I also got my live rock from other people's tanks that were being torn down. This saved me a bundle and I was able to stock this small tank completely and right away. The bad news is this may have been the cause for future severe algae issues that I fought for 6 months before giving up tearing down the tank. But other than that, the tank did well, coral and fish did well, and I learned a lot about how to properly setup and care of a saltwater reef system.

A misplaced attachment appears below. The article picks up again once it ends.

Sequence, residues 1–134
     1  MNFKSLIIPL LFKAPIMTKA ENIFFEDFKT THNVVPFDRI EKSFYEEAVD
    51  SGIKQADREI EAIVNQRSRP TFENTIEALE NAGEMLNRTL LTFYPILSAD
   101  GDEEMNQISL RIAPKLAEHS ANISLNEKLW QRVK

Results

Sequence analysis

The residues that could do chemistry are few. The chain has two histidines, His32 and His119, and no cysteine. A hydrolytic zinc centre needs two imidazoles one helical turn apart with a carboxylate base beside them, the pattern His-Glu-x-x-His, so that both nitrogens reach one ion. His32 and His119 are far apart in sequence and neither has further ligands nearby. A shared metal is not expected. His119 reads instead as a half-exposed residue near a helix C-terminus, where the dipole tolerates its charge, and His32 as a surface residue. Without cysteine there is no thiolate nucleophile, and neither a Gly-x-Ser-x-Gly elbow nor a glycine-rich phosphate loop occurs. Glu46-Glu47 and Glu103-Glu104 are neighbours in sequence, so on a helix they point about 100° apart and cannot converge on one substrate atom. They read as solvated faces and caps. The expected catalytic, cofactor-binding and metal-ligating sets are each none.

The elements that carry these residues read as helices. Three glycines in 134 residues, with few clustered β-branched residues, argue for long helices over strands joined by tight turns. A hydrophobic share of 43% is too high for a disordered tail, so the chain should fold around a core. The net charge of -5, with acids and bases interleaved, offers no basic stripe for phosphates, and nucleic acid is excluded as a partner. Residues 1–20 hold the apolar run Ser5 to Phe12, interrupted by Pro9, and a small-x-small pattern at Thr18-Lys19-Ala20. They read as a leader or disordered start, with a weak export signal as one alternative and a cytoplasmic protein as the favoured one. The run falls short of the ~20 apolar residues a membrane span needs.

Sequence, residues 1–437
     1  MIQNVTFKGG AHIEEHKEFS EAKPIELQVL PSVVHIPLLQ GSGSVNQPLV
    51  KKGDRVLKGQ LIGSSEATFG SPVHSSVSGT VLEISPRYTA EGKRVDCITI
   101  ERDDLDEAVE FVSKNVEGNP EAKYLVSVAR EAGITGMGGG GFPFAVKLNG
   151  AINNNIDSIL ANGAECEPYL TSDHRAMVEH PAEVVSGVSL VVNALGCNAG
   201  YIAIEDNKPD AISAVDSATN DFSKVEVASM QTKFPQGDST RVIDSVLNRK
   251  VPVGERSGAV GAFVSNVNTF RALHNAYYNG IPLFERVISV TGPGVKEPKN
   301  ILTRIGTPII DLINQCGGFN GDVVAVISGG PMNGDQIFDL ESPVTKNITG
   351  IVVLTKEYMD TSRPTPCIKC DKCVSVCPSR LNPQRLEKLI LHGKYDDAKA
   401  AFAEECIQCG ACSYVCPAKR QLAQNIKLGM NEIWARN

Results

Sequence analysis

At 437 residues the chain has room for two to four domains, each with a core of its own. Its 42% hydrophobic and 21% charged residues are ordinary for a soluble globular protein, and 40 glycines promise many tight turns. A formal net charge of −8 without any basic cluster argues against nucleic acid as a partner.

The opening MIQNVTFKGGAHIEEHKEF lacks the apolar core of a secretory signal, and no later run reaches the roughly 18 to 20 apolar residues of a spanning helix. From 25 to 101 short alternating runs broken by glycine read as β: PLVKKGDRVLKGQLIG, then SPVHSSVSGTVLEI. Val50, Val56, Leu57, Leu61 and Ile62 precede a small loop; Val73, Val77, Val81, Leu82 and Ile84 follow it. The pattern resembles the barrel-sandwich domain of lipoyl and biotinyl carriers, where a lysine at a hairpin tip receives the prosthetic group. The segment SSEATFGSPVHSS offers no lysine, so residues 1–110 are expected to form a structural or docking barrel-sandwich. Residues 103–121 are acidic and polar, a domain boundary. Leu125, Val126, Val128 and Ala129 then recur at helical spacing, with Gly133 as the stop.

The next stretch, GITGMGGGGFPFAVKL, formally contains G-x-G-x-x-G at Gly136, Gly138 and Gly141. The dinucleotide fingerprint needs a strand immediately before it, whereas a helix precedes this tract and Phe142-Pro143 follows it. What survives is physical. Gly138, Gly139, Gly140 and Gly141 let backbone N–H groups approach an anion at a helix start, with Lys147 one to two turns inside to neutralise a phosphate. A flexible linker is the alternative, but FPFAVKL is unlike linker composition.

So after about a year or a little more, and having learned quite a bit, I decided it was time to go big again and really build more of a dream system. I found a spot in my house that was currently being used as just a sitting area. I was able to convince my wife that this was just wasted space (I worded it better than that!) and began my planning. My philosophy was changing as I realized that an large aquarium should be designed for the space it's in. The space should dictate the size and style of the aquarium. It is all too common for someone to go out and buy an aquarium and then come home and decide where to put it. I wanted to change that. I decided to do a custom rimless cube build. I had a local tank builder build the tank. I found a local hobbyists who also built furniture build me the stand which I designed myself. This tank was going to be a full walk-around, viewable from all four sides. The house was a modern 60's ranch that had been updated to current modern, clean-lined design and the tank needed to follow this aesthetic. After a lot of research and going back and forth I decided to do a corner overflow and the tank builder came up with this incredible design with a dry dock for Ecotech Vortech pumps. And a pipe for my lighting wires to go down and into the stand below. You can see pics of this setup here on AquaticLog and you will probably recognize it, as it later became the poster child for Ecotech Marine when they introduced their Radion LED lighting.